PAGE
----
A Review By: Amelia
I love thrift store shopping for books. Sure, a lot of what’s there are book-club copies of Girl With the Dragon Tattoo (great book), and dog-earred copies of the Twilight series (not so great of books), but sometimes, I find something that I didn’t expect to find in a million years, and that’s always the best feeling. Ghostopolis was one of those books. One normally doesn’t find good graphic novels–or even bad graphic novels for that matter–at a thrift store, so it felt like winning the used book lottery when I stumbled upon a only slightly beat up copy of (what was to become) one of my favourite graphic novels!
Ghostopolis is a story that revolves around two main characters: Garth Hale, a dying teenage boy, and Frank Gallows, a government (quote, unquote) ghostbuster. Garth and Frank’s lives are forcibly mashed together when Frank accidently sends Garth into the afterlife: aka Ghostopolis.
The author of Ghostopolis is Doug TenNapel. He’s an American animator, writer, illustrator, and musician whose work has spanned animated television, video games, and comic books. His best known work is as the creator of Earthworm Jim that was a videogame, toy line, and cartoon series.
The characters of the piece are Garth Hale, a young teenage boy with an incurable disease, and Frank Gallows, a middle-aged agent of the Supernatural Immigration Task Force, a government partition dedicated to locating ghosts amiss in the physical world and transporting them back to the afterlife, there known as Ghostopolis and separated into different kingdoms: mummies, skeletons, ghosts, etc. Garth, considering he’s dying, is a pretty mellow character. He’s come to term with his illness and is just riding things out and that makes him a pretty interesting character in my books. I found myself constantly thinking about what he might be thinking about. Or how is he feeling inside while he puts on his brave face on the outside? Whether or not the author intended for me to be thinking these things, I was, and it made his character a lot deeper. Frank was also an interesting character. He loves his job, but at the same time, he wants more. He wants to prove himself a hero–to his boss and the women he loves. Who just happens to be a ghost. Yeah. A (quote, unquote) ghostbuster is in love with a ghost. I can’t say much more, but it’s a fascinating (if not slightly predictable) turn of events for ol’ Frank.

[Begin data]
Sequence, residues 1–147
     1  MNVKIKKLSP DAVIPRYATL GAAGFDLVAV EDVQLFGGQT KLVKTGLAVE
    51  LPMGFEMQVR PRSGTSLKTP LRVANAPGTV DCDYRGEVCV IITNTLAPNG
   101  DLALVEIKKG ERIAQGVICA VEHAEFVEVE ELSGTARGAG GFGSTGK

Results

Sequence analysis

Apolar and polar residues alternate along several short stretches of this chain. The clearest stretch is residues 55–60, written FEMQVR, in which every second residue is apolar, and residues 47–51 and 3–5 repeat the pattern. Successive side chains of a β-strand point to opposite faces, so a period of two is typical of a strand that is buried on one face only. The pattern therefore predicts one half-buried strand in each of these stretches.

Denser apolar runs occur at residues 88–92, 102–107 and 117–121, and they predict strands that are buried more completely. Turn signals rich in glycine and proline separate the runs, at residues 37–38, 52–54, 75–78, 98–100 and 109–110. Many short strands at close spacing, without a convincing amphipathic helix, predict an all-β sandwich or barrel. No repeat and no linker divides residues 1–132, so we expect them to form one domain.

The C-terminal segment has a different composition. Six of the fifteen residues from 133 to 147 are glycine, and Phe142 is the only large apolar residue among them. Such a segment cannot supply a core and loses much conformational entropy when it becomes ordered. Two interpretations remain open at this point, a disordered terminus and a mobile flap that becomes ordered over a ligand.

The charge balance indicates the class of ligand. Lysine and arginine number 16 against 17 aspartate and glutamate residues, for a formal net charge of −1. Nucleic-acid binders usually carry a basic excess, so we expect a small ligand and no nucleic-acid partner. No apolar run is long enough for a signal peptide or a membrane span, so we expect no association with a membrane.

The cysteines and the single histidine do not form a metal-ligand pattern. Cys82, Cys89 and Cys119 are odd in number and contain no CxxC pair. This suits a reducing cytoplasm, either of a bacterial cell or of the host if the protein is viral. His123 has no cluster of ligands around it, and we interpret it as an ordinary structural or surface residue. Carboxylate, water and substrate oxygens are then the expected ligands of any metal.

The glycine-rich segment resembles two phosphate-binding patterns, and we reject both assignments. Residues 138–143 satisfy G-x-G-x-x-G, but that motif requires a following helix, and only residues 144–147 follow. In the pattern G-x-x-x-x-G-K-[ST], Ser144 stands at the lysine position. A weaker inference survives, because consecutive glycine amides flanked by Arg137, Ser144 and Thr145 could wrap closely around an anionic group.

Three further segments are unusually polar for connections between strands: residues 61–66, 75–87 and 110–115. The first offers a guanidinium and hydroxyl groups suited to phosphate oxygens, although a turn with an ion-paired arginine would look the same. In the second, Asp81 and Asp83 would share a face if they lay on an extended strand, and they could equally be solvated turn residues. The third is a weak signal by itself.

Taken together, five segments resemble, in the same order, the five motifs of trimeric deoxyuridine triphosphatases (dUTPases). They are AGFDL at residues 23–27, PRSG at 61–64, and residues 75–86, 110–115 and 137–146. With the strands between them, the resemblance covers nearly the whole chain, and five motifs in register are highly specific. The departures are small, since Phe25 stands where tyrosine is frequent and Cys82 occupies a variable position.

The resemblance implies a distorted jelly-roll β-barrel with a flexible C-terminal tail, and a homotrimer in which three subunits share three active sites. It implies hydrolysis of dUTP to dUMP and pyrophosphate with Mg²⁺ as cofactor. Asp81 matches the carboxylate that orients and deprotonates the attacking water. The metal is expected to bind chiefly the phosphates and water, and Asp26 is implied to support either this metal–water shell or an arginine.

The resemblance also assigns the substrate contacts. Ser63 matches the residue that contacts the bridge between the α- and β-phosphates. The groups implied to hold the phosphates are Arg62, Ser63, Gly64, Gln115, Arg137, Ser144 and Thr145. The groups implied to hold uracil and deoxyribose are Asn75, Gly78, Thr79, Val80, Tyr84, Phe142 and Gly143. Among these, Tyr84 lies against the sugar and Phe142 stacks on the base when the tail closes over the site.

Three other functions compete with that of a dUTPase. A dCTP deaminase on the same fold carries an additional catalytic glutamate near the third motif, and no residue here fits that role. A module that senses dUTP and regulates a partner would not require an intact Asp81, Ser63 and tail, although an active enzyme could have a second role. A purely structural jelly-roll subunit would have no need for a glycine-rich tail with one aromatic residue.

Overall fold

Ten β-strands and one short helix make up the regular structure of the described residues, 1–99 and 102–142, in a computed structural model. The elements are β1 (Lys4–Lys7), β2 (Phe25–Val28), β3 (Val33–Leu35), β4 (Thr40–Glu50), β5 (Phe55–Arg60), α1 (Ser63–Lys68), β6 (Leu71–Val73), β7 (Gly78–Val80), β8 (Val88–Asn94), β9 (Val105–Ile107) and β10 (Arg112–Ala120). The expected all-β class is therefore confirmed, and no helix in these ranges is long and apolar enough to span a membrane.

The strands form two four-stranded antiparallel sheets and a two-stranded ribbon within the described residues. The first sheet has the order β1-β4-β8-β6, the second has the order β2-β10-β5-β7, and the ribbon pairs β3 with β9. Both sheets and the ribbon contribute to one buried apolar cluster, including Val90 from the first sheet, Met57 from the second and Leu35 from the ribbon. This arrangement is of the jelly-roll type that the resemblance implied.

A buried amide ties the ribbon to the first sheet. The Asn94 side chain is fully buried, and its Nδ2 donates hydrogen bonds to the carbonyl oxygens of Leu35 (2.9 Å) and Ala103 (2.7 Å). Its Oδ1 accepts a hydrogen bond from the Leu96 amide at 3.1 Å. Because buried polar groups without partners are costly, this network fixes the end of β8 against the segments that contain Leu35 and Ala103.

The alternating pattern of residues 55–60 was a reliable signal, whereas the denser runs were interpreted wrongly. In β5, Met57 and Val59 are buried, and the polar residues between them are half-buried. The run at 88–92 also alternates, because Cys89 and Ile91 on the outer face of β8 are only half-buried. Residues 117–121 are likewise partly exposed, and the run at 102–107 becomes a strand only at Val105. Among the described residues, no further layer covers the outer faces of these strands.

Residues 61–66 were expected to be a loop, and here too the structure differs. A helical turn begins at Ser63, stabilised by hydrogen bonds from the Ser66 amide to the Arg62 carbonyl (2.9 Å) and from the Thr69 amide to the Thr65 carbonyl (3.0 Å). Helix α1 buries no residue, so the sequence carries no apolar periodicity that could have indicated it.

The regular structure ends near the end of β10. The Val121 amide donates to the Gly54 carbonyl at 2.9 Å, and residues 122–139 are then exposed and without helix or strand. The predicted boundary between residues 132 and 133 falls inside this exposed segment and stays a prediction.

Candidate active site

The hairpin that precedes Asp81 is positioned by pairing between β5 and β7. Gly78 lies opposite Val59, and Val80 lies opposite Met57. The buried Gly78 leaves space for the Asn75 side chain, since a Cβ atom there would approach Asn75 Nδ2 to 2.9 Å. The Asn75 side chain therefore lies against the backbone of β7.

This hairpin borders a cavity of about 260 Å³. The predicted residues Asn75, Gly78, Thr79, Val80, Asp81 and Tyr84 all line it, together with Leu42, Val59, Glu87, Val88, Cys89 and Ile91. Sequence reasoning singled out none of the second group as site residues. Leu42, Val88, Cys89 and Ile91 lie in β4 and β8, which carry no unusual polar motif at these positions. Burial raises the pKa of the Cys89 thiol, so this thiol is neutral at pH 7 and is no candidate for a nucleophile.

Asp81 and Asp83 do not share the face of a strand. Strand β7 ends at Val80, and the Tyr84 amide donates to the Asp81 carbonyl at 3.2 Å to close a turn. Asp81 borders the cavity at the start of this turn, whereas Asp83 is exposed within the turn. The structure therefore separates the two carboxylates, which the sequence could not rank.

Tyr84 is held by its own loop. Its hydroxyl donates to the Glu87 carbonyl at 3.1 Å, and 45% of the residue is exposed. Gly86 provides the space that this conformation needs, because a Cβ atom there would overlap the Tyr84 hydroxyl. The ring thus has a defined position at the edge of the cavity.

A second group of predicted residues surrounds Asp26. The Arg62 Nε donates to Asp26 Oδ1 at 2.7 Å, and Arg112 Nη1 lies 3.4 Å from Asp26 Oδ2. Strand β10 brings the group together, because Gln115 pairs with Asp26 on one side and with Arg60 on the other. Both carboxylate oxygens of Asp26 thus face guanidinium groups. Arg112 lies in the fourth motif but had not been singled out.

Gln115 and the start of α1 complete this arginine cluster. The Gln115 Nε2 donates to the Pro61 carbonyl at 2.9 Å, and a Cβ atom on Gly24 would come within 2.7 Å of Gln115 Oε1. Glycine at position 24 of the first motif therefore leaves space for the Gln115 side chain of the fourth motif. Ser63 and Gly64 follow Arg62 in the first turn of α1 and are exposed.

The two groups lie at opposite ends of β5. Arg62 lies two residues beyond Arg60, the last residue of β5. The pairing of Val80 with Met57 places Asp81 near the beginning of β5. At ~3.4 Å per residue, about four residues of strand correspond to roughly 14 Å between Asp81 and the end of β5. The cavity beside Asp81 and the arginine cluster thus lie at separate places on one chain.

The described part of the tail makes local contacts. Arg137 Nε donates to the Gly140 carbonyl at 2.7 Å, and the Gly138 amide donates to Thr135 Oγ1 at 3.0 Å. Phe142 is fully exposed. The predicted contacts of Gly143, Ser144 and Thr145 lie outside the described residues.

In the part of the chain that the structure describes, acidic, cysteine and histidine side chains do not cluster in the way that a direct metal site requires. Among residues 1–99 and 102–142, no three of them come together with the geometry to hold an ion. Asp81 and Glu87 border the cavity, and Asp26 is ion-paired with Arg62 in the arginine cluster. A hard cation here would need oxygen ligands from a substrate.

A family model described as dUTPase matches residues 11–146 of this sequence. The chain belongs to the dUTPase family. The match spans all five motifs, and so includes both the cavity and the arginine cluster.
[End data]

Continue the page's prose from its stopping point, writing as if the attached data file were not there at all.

The art style in Ghostopolis is a very loose and casual style. That being said, it’s not messy or ugly in any way. It’s as if the artist holds his pens very lightly and lets them go where they please and it is an enchanting effect. The colours are bold and beautiful and the character designs sleek. The landscapes are stunningly detailed and filled with so much to look at. The panels that lack landscape details are shadowed perfectly and, since they’re usually close-ups of characters, the characters are drawn with amazing emotion and detail.
Ghostopolis is a real gem of a graphic novel. It’s got an amazing story filled with complex and well-rounded characters. The art is beautiful, the colours superb. It’s short–maybe only forty-five minutes to read the whole thing–but what’s there is, without a doubt, fantastic.
My final thoughts on Ghostopolis are that you should read it. If you like quirky graphic novels, you’ll like this. Probably even love it. It’s a delightful romp through the afterlife–who could resist that?